There are certain things about jhanas written in the suttas - that is, the absense of certain kinds of feelings. In the first jhana there is no painful bodily feeling - at all. It just totally ends there. So if you are really in the first jhana, there sohuld be no problem for you to sit many hours without a smallest discomfort. If you think you are so cool and advanced that you reach it, but only for a small period of time, there should be no problem to master it so to sit as long as you can. So from anyone who claims or hints that he's got jhana I expect him to sit for 8-10 hours in a row (at least) without any problem. If he can't do that - sorry, this is not jhana and never been .)
still, many teachers proclaim different things regarding 1st jhana, it's intensity, it's duration, is there thinking, is there still consciousness and so on. Maybe they did not understand the suttas, but many teacher quote suttas to illustrate points of views, sometimes 1st jhana is like a 8 day coma, sometimes it's just a light attention for five minutes. I tend to believe this is because, even inside suttas, there are different sentences. This might be due to translation for example.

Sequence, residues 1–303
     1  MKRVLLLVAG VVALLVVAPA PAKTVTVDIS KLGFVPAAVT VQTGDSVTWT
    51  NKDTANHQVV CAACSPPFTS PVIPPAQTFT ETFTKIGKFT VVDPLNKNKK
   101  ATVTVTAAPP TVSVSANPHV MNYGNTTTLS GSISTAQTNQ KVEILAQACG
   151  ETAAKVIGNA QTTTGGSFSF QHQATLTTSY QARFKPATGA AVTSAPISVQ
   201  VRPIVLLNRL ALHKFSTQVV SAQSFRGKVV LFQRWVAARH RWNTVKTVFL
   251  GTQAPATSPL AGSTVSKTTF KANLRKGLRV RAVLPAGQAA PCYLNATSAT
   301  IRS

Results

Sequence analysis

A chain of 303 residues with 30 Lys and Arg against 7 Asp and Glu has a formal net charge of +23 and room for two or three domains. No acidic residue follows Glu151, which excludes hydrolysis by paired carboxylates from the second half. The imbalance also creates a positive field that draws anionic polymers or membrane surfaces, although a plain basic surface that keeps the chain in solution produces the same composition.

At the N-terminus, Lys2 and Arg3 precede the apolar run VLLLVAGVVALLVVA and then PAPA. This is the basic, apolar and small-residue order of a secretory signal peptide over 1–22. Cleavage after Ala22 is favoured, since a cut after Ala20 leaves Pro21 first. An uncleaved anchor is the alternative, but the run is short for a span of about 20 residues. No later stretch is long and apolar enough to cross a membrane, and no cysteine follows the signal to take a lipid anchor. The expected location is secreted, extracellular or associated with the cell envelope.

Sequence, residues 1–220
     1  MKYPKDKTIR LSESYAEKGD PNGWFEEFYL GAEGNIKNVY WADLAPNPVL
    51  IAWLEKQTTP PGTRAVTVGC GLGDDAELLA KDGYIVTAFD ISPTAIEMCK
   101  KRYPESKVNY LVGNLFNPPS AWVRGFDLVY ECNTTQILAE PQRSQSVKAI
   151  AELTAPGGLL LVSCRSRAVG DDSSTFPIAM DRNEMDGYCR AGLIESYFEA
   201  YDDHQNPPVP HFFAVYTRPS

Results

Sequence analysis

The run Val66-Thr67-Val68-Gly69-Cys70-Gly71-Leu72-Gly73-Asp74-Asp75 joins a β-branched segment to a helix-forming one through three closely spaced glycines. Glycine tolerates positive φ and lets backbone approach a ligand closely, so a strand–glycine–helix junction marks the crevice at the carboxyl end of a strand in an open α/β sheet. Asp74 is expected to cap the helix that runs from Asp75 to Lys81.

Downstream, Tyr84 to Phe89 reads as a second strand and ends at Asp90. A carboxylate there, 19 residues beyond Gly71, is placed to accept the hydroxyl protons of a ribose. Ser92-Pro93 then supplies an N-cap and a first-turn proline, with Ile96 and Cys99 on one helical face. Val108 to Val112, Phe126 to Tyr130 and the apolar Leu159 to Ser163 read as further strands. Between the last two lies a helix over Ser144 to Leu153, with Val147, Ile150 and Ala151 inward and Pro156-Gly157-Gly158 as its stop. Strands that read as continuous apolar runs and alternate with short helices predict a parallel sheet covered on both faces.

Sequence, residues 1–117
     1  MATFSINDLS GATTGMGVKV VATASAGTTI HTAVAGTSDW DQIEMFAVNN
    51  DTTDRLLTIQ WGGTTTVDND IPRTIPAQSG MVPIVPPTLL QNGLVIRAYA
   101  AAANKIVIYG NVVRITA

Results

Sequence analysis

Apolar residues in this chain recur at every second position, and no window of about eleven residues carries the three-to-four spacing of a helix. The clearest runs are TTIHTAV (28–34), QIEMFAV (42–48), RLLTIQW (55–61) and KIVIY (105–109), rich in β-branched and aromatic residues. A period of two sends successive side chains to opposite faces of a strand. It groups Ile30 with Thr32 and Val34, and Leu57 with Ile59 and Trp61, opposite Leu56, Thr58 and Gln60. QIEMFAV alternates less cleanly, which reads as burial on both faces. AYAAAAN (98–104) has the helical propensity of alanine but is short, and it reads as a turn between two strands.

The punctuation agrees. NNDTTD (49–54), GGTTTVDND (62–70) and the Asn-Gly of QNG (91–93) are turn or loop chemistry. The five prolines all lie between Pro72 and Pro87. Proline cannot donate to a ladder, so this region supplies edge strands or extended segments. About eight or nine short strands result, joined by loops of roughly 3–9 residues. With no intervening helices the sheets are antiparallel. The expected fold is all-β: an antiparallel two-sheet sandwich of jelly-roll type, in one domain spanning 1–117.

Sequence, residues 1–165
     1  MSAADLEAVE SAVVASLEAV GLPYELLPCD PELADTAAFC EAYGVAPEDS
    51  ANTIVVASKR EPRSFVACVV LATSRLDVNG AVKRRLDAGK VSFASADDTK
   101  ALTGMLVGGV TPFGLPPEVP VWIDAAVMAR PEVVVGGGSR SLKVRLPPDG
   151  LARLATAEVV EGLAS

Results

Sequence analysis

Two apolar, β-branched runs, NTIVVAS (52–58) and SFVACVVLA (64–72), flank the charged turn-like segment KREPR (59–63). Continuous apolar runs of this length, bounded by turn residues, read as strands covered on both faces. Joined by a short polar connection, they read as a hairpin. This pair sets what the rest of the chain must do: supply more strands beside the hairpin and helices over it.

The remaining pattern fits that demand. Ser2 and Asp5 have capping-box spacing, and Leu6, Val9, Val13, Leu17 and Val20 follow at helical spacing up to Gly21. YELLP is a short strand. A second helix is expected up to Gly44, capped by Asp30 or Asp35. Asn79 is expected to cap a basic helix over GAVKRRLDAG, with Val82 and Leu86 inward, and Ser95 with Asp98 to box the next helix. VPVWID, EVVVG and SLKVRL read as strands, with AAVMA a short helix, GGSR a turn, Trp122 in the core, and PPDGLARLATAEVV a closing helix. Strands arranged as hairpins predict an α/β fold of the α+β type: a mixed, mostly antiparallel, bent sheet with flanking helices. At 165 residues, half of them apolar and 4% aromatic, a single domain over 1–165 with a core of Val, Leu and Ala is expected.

In the end this does not change nothing, because everyone agrees with the highest level of concentration.
But this means nobody agrees on the milestones.
When we talk about a capability to concentrate, well, milestones, is that this important? we could as well say, one is able to be concentrated for 5 minutes or twenty, one hours, ten hours, or 3 days. Some teachers say ten hours is 1st jhana, some say it's 7th jhana, this is not a big deal. The practice is the same. We call this 1st jhana or 7th jhana, this should not change much.

But when we describe milestones regarding something like "wisdom", and call it vipassana nana, then i'm afraid the milestones will not help.
We have the same issues than with concentration milestones, plus many others, and in the end no one never ever agrees on anything.
It's not the path that is a discussion, it's more the steps, this is why i consider "nanas" description as an issue rather than a help.